Sunday, July 8, 2018

Summer reads, 2018 edition

Instagram photo by me

LNP/LancasterOnline published its "Summer reads: Recommendations from Lancaster County readers" this weekend, and it's full of terrific suggestions from librarians, educators and public officials.

I also have a few picks appearing in the LNP list. Unsurprisingly, when I was asked for my submissions, I wrote way too many words about too many books. Space is at a premium in newspapers these days, so my selections understandably had to be trimmed down. Here, for posterity, is my full original list. Share your summer reads in the comments or tweet them @Papergreat!

  • At Home: A Short History of Private Life (2010) by Bill Bryson. If you love general history books that are packed with ideas, famous (and forgotten) figures, outrageous anecdotes, and the kinds of historical connections that would make James Burke proud, this is the doorstop of a book for you.
  • The Eerie Silence: Renewing Our Search for Alien Intelligence (2010) by Paul Davies. I'm only a third of the way through this history and criticism of the Search for Extraterrestrial Intelligence (SETI). Some of the theories and proposals presented here have already blown my mind a little bit.
  • The Only Harmless Great Thing (2018) by Brooke Bolander. You can polish off this novella, which is less than 100 pages, in an afternoon. But the alternate-history tale of elephants, electricity and atoms might stick with you much longer than that.
  • Garbology: Our Dirty Love Affair with Trash (2012) by Edward Humes. This insightful book by Humes, a Pulitzer-winning journalist, will educate you on the depths of how much waste (and plastic!) society generates, but it also offers hopeful paths and ideas toward sustainability and shepherding of the environment. [I wrote more about this book on Earth Day.]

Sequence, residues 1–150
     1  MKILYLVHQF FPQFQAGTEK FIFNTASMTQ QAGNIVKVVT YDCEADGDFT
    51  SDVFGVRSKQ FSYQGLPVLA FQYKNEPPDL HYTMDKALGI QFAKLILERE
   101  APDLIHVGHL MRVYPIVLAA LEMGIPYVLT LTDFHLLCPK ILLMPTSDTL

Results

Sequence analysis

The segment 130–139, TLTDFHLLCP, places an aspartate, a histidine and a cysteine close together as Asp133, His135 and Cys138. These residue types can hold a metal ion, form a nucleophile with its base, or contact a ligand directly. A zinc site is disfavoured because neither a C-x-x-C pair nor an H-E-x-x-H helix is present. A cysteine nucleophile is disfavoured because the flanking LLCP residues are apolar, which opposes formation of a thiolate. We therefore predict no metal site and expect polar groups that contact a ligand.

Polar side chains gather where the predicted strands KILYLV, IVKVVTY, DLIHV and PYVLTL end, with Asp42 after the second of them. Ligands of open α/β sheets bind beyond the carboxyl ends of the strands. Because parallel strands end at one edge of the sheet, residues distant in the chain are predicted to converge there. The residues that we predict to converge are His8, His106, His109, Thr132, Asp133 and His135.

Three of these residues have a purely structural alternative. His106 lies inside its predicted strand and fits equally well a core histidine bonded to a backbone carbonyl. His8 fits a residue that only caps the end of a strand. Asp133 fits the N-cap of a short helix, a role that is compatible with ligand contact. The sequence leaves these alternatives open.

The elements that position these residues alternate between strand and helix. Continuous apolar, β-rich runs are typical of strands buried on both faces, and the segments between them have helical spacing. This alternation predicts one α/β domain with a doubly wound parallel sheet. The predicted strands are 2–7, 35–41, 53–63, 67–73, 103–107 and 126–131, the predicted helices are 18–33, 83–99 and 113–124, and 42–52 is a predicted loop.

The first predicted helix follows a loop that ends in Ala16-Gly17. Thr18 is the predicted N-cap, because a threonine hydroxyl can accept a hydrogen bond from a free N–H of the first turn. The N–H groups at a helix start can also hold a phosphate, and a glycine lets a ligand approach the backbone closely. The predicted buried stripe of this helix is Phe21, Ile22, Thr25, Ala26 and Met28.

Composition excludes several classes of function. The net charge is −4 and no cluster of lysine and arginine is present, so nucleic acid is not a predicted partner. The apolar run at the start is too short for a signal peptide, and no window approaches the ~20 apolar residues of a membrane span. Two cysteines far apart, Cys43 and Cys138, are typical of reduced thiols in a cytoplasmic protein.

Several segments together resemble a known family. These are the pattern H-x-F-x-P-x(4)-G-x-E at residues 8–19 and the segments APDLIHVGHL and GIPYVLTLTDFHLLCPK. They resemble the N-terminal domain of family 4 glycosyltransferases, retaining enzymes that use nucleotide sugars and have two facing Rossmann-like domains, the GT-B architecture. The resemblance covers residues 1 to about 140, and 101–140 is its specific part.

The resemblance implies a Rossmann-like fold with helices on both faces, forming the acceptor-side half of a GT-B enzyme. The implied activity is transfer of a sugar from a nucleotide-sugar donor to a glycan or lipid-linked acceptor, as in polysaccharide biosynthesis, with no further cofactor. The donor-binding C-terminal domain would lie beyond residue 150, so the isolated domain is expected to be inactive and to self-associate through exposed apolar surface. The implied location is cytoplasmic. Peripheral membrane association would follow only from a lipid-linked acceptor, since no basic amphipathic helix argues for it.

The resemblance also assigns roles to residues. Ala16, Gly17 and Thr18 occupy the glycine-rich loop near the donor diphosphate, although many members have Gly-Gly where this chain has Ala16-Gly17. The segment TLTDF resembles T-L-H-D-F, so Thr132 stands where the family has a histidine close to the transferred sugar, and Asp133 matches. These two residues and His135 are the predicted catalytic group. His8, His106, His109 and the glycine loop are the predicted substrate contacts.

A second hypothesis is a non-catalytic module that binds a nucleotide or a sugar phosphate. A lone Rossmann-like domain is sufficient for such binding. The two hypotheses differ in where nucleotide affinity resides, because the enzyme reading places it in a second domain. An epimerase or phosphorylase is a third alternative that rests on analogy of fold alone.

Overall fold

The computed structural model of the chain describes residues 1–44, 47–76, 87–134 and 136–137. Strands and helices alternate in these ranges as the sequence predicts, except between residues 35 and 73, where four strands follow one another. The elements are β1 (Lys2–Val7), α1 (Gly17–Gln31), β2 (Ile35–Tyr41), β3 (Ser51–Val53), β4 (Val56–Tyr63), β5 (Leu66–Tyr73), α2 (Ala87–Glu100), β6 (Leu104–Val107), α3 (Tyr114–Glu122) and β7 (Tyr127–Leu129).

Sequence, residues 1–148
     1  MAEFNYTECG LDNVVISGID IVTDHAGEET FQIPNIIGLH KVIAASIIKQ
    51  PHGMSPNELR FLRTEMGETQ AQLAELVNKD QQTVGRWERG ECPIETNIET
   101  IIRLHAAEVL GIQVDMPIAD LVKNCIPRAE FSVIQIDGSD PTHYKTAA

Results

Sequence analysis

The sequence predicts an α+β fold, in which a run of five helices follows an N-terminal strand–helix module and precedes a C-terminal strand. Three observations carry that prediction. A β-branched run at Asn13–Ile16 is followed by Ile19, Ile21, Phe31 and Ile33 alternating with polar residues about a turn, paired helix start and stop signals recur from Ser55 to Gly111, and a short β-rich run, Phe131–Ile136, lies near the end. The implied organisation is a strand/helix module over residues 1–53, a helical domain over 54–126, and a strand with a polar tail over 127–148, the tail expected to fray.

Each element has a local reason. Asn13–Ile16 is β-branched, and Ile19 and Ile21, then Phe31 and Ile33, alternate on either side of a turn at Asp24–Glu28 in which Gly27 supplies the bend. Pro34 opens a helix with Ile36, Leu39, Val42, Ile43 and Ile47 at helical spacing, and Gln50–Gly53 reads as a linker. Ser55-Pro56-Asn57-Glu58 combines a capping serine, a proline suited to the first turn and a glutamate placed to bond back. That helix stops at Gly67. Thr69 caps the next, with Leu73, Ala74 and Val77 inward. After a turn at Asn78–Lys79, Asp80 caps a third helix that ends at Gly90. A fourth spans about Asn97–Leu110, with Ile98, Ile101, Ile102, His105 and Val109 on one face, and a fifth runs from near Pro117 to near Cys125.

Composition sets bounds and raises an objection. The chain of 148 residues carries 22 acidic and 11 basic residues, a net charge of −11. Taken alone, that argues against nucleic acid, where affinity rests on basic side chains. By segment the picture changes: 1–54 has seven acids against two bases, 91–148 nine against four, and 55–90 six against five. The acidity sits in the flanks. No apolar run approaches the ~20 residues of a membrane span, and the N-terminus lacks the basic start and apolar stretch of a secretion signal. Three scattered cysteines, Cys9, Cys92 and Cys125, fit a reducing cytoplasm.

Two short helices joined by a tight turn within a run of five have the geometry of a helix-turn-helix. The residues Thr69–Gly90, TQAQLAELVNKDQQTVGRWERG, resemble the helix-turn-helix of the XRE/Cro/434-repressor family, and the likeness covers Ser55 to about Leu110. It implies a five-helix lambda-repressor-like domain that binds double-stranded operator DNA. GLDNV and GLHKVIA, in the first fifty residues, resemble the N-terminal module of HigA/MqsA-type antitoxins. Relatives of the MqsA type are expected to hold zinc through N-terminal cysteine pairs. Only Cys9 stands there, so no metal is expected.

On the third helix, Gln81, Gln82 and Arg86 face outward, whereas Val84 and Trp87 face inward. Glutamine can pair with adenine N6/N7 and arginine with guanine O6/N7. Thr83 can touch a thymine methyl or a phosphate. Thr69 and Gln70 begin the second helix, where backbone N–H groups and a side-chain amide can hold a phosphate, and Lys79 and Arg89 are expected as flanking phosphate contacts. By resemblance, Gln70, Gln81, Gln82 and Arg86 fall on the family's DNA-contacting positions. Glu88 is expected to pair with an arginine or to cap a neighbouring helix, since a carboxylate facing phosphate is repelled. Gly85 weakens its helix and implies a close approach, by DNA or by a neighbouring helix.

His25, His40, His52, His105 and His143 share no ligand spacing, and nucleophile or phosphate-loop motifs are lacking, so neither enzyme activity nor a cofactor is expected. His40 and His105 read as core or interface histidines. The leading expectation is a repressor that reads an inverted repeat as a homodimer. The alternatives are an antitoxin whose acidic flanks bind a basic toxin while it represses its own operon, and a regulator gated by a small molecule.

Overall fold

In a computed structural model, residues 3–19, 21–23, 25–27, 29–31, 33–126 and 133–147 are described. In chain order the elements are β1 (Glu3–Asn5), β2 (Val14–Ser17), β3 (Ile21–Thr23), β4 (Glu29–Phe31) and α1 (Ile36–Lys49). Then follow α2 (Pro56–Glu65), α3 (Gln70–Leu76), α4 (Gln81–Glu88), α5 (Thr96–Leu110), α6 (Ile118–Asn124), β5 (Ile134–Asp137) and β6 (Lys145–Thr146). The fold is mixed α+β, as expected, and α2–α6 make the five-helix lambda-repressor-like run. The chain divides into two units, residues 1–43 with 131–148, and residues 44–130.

• In Such Good Company: Eleven Years of Laughter, Mayhem, and Fun in the Sandbox (2016) by Carol Burnett. I grew up with Mr. Tudball, Mrs. Wiggins, Eunice, and all of the others dreamed up by Burnett, Vicki Lawrence, Harvey Korman and Tim Conway, so this memoir should provide plenty of chuckles.
  • Dancing on Blades: Rare and Exquisite Folktales from the Carpathian Mountains (2018) by Csenge Virag Zalka. I grew up on folk and fairy tales, especially those by Ruth Manning-Sanders, and I still seek them out at age 47. This collection of traditional tales unearthed by a young Hungarian storyteller is indeed "exquisite," and fun for all ages.
  • The Ladies-In-Waiting (2017) by Santiago Garcia, Javier Olivares and Erica Mena (translator). This one's a gorgeous graphic novel. About 17th century Spanish painter Diego Velázquez. With a complex plot that jumps back and forth between about four timelines. At this point, you're either deeply intrigued or quickly skipping ahead to the next book.
  • Swimmer Among the Stars (2017) by Kanishk Tharoor. I love short-story collections — I also have volumes by Paige Cooper, Richard Wright, Jamel Brinkley and Carmen Maria Machado stacked up and ready to go. And maybe I'll switch over to spooky short-story scribes Kelly Link and Robert Aickman once Halloween season rolls around.
  • Time is the Simplest Thing (1961) by Clifford D. Simak. A newspaper journalist who wrote novels and short stories on the side, Simak is best known for his "pastoral sci-fi." This tale isn't so much in that vein, but is a thought-provoking romp involving witches, space travel, superstitions and an all-powerful commerce-and-innovation corporation that might seem very familiar to today's readers.
  • What the Dormouse Said: How the Sixties Counterculture Shaped the Personal Computer Industry (2006) by John Markoff. This history book promises hippies and hackers, California living and computer culture. Count me in.

No comments:

Post a Comment